• Individual Author: Holzer, Harry J.
    Reference Type: Report
    Year: 1996

    In this paper I use data from a recent survey of employers to investigate the effects of employer skill needs on the wage levels and employment of newly hired workers, and especially on how these outcomes differ by race and gender. The skill needs are measured by various human capital credentials required of applicants at the hiring stage (educational attainment, specific experience, prior training) and by the daily task performance of those who are newly hired (reading/writing, arithmetic, use of computers).

    The results show that few new jobs are available to those workers who lack most of these credentials or who cannot perform most of these tasks. This is true even of jobs that do not require applicants to have college degrees.

    The hiring and task performance requirements of new jobs are associated with lower employment levels of blacks relative to whites within each gender, and some tasks are associated with higher employment levels of females relative to males. These requirements also have significant effects on starting hourly wages. Both effects are found...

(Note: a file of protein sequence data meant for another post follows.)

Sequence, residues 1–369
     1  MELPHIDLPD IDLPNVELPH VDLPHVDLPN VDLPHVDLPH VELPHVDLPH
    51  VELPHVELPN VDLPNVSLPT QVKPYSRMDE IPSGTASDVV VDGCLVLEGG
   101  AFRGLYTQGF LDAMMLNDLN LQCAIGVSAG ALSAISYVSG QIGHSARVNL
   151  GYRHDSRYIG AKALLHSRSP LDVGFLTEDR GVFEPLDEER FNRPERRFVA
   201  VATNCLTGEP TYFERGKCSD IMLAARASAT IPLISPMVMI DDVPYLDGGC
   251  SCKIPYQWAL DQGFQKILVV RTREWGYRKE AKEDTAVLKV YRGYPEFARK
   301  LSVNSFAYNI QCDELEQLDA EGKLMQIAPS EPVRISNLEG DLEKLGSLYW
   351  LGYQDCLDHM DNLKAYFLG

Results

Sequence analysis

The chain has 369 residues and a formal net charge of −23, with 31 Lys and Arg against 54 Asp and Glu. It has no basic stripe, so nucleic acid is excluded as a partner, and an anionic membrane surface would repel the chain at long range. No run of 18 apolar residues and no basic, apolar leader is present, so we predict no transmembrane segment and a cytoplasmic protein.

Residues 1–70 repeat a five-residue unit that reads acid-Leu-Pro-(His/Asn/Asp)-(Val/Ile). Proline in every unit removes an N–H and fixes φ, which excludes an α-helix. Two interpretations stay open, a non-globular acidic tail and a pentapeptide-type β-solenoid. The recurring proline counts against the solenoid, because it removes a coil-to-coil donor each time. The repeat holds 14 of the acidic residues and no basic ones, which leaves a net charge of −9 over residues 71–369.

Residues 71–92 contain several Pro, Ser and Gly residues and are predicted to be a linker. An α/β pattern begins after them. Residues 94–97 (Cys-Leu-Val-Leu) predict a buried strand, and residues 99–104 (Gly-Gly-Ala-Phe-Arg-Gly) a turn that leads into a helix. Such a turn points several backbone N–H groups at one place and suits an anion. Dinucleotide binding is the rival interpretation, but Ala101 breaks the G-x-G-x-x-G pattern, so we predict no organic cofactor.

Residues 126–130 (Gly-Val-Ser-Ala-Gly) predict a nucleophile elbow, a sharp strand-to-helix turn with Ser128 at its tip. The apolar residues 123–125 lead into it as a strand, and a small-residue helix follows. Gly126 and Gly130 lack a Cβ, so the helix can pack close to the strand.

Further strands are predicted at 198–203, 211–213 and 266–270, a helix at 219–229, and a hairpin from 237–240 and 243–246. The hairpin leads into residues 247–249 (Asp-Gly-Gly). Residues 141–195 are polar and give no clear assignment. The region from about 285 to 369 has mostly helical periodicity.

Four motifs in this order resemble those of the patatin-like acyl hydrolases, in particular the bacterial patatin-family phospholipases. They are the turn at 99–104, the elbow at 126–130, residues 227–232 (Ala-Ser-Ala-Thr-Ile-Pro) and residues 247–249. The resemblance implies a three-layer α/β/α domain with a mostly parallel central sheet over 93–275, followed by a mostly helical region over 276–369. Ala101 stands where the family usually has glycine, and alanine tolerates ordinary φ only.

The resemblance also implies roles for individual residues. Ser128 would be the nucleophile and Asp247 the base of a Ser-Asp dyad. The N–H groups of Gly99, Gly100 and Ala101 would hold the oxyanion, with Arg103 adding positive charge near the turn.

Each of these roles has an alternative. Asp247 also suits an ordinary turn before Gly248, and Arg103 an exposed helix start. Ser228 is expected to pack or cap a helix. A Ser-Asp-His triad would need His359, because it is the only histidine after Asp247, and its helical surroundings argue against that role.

In this paper I use data from a recent survey of employers to investigate the effects of employer skill needs on the wage levels and employment of newly hired workers, and especially on how these outcomes differ by race and gender. The skill needs are measured by various human capital credentials required of applicants at the hiring stage (educational attainment, specific experience, prior training) and by the daily task performance of those who are newly hired (reading/writing, arithmetic, use of computers).

    The results show that few new jobs are available to those workers who lack most of these credentials or who cannot perform most of these tasks. This is true even of jobs that do not require applicants to have college degrees.

    The hiring and task performance requirements of new jobs are associated with lower employment levels of blacks relative to whites within each gender, and some tasks are associated with higher employment levels of females relative to males. These requirements also have significant effects on starting hourly wages. Both effects are found even after controlling for the educational attainments of hired workers.